R1 represents the cell's ESR. The 2.9 figure represents the (unrealistic) cell voltage when charged. 100 is a convenient value, but the higher it is the greater is the cell's Ah capacity.

    Edit: For your battery charging sim, try the model shown, but with R1 = 200m, the 100 value replaced by a number 25 times the battery's Ampere-hour capacity and the 2.9 value replaced by 380. Use the directive .ic V(battery)=320 to initialise the battery voltage at 320V, if that is where you want the charging to start.
     
    Last edited: Mar 17, 2018
  14. mading2018

    mading2018 Member

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    Thank you very much alec_t. It really helped a lot. But just one question, just to clarify. Should the voltage source be set to q=578.7*x(1-x/380)?
    The battery AH capacity it = 23,148 Ah *25 = 578,7. I mean like this, please see my attached file.

    I guess x is the time, right?
     

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  15. alec_t

    alec_t Well-Known Member Most Helpful Member

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    No. That equation is missing a "/" before the opening parenthesis. Also, there isn't a voltage source in my model.
    To use that model the capacitor value would be set to q=578.7*x/(1-x/380).
    Wrong. x is a special symbol, meaning the voltage across the capacitor. See the description of the non-linear capacitor model in LTspice Help.
     
  16. alec_t

    alec_t Well-Known Member Most Helpful Member

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    Incidentally, if you want a SOC indicator when using my model, add a BV (behavioural voltage) source with the property v=578.7*v(battery)/(1-v(battery)/380). This will generate a voltage equal to the number of Coulombs stored in the cap.
     
  17. mading2018

    mading2018 Member

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    I think I have added the behavioural voltage source according to your description, but I get some kind of error. Can you please, check my schematic once more? I have attach it here. Thank you very much for all your help, appreciate it.
     

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  18. alec_t

    alec_t Well-Known Member Most Helpful Member

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    I've modded your asc file. You had an ordinary voltage source insted of a BV source, and it was in series with the battery model rather than independent.
     

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  19. mading2018

    mading2018 Member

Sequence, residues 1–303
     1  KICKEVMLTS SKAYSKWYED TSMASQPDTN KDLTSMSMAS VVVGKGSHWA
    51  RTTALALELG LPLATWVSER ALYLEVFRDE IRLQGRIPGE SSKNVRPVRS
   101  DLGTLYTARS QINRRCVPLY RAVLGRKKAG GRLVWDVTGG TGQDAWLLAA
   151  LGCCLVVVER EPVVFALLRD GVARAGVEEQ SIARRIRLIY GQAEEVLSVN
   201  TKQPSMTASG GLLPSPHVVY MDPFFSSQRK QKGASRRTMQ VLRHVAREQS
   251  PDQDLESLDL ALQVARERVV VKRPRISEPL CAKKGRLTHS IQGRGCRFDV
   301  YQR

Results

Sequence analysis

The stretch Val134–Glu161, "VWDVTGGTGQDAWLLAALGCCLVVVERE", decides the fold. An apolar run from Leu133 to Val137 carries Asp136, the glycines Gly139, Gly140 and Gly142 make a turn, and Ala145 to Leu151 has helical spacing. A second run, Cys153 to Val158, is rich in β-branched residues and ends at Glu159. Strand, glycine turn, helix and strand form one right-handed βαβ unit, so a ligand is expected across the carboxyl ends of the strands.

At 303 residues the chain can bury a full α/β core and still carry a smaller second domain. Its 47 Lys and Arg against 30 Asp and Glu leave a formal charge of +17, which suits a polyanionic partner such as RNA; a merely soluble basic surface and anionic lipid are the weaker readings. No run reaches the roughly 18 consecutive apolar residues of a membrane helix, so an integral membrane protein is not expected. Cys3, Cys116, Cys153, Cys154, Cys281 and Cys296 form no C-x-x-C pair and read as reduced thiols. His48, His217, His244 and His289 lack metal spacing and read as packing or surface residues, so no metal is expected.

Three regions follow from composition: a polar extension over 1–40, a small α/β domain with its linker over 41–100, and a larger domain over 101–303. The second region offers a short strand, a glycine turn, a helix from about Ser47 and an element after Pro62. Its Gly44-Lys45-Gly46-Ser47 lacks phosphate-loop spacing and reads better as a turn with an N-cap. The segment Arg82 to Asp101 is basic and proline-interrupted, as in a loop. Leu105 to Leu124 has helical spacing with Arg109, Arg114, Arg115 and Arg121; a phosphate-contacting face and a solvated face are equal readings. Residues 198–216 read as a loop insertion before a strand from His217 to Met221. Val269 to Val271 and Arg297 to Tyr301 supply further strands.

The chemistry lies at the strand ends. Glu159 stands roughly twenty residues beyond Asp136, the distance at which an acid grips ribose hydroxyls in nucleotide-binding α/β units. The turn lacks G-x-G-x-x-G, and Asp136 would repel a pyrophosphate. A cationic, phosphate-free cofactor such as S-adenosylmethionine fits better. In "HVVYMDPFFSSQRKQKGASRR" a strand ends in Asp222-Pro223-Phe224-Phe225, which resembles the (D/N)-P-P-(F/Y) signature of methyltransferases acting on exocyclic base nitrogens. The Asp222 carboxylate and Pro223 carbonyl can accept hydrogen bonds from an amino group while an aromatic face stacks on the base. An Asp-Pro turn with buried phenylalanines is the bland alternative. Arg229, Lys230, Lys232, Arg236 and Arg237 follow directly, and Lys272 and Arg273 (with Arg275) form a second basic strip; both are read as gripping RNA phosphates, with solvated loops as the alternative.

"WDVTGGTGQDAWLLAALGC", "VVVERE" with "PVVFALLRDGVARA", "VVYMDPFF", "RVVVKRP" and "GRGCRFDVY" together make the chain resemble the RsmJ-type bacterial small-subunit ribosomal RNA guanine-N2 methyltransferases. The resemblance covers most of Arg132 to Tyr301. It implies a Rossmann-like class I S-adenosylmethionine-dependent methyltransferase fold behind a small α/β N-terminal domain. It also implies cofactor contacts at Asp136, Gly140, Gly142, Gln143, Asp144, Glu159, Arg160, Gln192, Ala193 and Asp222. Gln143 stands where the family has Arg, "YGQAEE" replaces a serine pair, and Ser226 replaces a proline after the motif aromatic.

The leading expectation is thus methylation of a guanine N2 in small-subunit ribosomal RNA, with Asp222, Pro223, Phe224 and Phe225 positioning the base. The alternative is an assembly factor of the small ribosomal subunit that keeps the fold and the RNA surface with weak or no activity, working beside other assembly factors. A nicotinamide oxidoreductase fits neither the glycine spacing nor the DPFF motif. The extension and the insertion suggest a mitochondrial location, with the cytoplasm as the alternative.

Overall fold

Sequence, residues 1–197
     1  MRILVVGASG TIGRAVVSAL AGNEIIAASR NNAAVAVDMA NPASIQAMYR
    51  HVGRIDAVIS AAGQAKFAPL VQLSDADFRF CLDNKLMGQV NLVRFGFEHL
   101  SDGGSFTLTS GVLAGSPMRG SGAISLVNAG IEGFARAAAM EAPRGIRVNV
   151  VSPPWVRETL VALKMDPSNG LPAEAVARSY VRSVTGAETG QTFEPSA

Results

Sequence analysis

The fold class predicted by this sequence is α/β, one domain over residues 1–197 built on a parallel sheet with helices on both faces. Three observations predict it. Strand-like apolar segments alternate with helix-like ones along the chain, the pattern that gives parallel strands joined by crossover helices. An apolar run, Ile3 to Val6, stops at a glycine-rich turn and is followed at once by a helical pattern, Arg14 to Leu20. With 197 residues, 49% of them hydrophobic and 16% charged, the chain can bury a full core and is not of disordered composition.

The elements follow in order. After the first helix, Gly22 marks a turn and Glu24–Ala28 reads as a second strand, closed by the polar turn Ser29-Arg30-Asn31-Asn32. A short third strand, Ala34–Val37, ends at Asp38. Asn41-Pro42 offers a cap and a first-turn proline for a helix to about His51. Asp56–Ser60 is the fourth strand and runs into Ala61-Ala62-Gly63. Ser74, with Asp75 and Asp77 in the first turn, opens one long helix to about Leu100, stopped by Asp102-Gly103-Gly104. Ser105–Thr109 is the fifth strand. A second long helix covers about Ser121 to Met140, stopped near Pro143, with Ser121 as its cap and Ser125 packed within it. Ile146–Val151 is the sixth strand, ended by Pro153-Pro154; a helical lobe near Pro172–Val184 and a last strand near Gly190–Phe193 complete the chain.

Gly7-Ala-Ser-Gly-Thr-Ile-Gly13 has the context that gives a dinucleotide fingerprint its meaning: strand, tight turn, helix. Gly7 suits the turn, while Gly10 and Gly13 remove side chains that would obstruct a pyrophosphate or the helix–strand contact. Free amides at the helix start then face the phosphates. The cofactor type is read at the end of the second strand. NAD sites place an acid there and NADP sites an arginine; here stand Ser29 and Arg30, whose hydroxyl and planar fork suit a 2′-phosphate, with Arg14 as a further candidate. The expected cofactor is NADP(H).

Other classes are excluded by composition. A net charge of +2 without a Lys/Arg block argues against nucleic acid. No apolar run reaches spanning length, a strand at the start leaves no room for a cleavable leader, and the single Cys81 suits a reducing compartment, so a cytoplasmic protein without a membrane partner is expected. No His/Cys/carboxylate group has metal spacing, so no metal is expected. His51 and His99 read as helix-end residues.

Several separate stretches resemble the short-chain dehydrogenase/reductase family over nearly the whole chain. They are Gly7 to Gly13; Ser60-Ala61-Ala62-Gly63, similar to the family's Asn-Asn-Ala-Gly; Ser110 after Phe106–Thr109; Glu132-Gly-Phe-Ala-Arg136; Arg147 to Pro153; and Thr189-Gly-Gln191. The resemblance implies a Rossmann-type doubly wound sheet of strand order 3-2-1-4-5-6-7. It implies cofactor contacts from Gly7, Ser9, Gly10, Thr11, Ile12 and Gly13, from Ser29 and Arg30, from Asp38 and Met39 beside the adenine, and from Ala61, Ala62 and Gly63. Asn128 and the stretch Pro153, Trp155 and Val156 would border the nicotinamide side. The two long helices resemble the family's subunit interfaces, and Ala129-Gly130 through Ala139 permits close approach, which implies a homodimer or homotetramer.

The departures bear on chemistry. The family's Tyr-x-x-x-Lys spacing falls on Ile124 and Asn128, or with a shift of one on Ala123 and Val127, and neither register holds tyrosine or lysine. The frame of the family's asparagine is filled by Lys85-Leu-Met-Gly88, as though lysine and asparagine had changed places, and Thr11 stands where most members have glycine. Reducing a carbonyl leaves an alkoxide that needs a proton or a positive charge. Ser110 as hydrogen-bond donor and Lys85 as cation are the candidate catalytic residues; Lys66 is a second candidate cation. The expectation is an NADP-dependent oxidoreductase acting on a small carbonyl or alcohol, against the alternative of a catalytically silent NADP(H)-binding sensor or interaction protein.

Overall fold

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    Aha, I see. Sorry for my misstake. So if I understand this correctly, the BV source is the SOC indicator, which is presented in Coulomb? Its a quite high number, the unit is in Megavolt? But is it possible to display it in percent instead?

    I think the curve is displaying the charging of the battery very good, so thank you very much. :)
     

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  20. alec_t

    alec_t Well-Known Member Most Helpful Member

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    The graph of a BV output is always in Volts. I don't know of any way to get LTS to display any other units. You could scale the reading to cover the range 0-100, but it would still be in Volts. You would have to decide which voltage values correspond to "0%" and "100%".
     
    Last edited: Mar 17, 2018
  21. mading2018

    mading2018 Member

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    Aha, I see. But what about if I want to implement a more accurate battery (for the PHEV), it would look something like this.
    But it seems I made some misstake somewhere, cause the SOC level it is just flat from the battery.
     

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  22. alec_t

    alec_t Well-Known Member Most Helpful Member

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    Try moving the 'battery' label to the node at the top of C1.
    Your sim time may need to be many thousands of seconds to see significant change in the SOC indication.
    If you simply want to check your battery model, then run a separate sim for that. It is often convenient to divide a complex circuit into functionally separable parts and do individual sims for the parts.